Picture for Women
(Afterall Books)The author tells us that Jeff Wall was one of the first artists to come up with the idea of posting (1) huge photographs (2) in color (3) to be hung in galleries. Possibly.
But years ago we had all seen super-sized photographs hung in windows of movie theatres ... Clark Gable as big as a dream, for example. Even more typically, we had been exposed to all-too handsome men and all-too exotic women in beautiful clothes hung up for display in the windows of Macys or Sears or your local department store (back when Macys or Sears or your local department stores had windows).
Such pictures --- what they now call "life scale" --- had also appeared in galleries before. There was Russian designer El Lissitzky's Pressa in Cologne, in 1928. Then, a year later, "Film und Foto," staged with over 1,200 films and photographs in Stuttgart, organized by László Moholy-Nagy.Twenty-five years after, there appeared "The Family of Man," curated by Edward Steichen and first shown in 1955 at the Museum of Modern Art in New York, with over 500 photographs from sixty-eight countries.
After this, according to Campany, these images of "collective utopia" came to an end "as a result of the emergence of television and the consolidation of the conflicting ideologies of the Cold War." With Jeff Wall's 1976 exhibit, "Faking Death," the megaphotograph returned, this time as Art.
"Faking Death" consisted of a triptych of photographs of the artist, naked, "posing in what the title leads us to suppose are his death throes." These consisted of three backlit transparencies, each 213 meters wide by 213 meters long (almost seven feet by seven feet.)A color reproduction of the first panel appears in this book, measuring about seven inches by seven inches.
Wall showed four of his early works in the Art Gallery of Greater Victoria in 1979, which included "Faking Death," "The Destroyed Room," and "Picture for Women." The latter is 142.5 cm by 204.5 cm ... almost 4-1/3 feet by 7 feet.
Campany compares Wall's "Picture for Women" with Manet's "Un Bar aux Folies Bergère," Les Friedlander's "New Orleans, 1968," and a photo by Richard Avedon, "Penelope Tree." Campany obviously feels strongly enough about Wall's works to dedicate this entire 125 page volume to him and "Picture for Women" ... discussing at length its relation to Manet and Avedon, to the concept of the "tableau," along with its "restless passivity," and the "status of direct address," and its "frontal tripartite structure."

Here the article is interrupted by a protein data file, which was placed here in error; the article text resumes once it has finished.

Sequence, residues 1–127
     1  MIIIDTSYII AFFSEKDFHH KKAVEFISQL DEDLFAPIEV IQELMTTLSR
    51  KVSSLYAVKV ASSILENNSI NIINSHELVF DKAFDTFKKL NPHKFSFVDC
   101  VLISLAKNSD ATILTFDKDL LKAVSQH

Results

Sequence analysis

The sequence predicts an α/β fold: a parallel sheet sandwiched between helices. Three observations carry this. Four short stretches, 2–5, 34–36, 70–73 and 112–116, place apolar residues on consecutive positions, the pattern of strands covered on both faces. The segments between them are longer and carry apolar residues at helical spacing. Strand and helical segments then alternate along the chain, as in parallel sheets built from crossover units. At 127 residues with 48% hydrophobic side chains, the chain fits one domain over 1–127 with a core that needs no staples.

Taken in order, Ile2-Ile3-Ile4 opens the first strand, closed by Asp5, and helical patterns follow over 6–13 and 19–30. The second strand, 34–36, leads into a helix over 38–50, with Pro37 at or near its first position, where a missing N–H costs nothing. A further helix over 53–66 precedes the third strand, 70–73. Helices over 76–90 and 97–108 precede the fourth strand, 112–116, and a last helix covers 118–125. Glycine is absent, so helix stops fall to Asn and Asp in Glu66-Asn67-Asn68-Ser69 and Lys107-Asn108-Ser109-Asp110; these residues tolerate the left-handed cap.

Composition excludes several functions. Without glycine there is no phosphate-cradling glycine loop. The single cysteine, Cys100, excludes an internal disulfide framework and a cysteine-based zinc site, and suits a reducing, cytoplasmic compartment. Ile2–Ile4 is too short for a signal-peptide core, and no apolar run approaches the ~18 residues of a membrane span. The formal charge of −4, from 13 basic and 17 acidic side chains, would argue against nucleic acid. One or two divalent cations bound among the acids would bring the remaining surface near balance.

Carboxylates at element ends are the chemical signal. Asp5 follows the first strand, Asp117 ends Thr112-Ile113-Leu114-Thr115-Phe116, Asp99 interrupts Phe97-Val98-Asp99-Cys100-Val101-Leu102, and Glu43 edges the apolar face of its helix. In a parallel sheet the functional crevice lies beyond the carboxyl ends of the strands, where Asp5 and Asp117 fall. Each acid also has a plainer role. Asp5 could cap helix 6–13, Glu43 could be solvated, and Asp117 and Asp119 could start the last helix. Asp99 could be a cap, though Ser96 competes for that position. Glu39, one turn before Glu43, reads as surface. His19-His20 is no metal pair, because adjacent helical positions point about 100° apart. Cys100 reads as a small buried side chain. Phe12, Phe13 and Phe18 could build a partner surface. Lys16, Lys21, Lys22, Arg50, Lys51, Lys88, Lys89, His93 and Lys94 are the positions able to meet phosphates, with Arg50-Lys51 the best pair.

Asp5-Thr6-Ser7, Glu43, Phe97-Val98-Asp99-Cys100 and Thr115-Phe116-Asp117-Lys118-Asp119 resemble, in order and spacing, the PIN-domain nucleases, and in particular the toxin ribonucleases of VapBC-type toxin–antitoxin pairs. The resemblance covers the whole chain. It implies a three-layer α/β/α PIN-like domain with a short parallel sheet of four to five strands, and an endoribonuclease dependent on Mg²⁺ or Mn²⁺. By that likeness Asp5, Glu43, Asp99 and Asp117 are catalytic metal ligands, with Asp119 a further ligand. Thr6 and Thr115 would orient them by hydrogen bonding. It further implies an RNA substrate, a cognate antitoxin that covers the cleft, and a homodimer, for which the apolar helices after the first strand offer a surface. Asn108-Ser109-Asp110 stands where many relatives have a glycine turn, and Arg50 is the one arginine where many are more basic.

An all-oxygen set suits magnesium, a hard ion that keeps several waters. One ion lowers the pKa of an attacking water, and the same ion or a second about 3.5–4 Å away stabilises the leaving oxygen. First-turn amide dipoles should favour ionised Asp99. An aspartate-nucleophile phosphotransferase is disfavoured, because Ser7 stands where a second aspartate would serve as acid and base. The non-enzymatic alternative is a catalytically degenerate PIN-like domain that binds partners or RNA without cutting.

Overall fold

There is too much discussion of the camera in the center of the picture, the reverse image of the camera's trade name, the dividing line down the middle, the naked bulbs hanging above, the gaze of the anonymous woman, the empty chairs, and Wall's mysterious role in this mysterious tableau.
One of the problems for this reader and Campany's concept of art is that the picture as reproduced in this book cannot possibly have the same effect as it would if we were seeing it for the first time in the Art Gallery of Greater Victoria. In its original setting we --- as the juveniles would have it --- might be blown away by. In the context of the studio setting, it might be, indeed, overwhelming.
In this small volume, the picture is definitely underwhelming. It might even be underwhelming no matter its size or its backlighting or its place on the gallery walls.In fact it might be said to leave some of us rather cold. For it is, indeed, nothing but a barren room with naked lightbulbs, the shade of a young man on one side (holding a cable for the camera which is in the center), with a passive young lady off there to the left, a non-descript lady with her non-descript hands on the bare table in front of her. Hardly "Un Bar aux Folies Bergère" with its riot of colors and bottles and reflections and hanging Victorian lamps and fruits and flowers and multitudes reflecting in the background, not to say the mysterious gentleman in the top hat peering at us through the mirror.--- Lolita Lark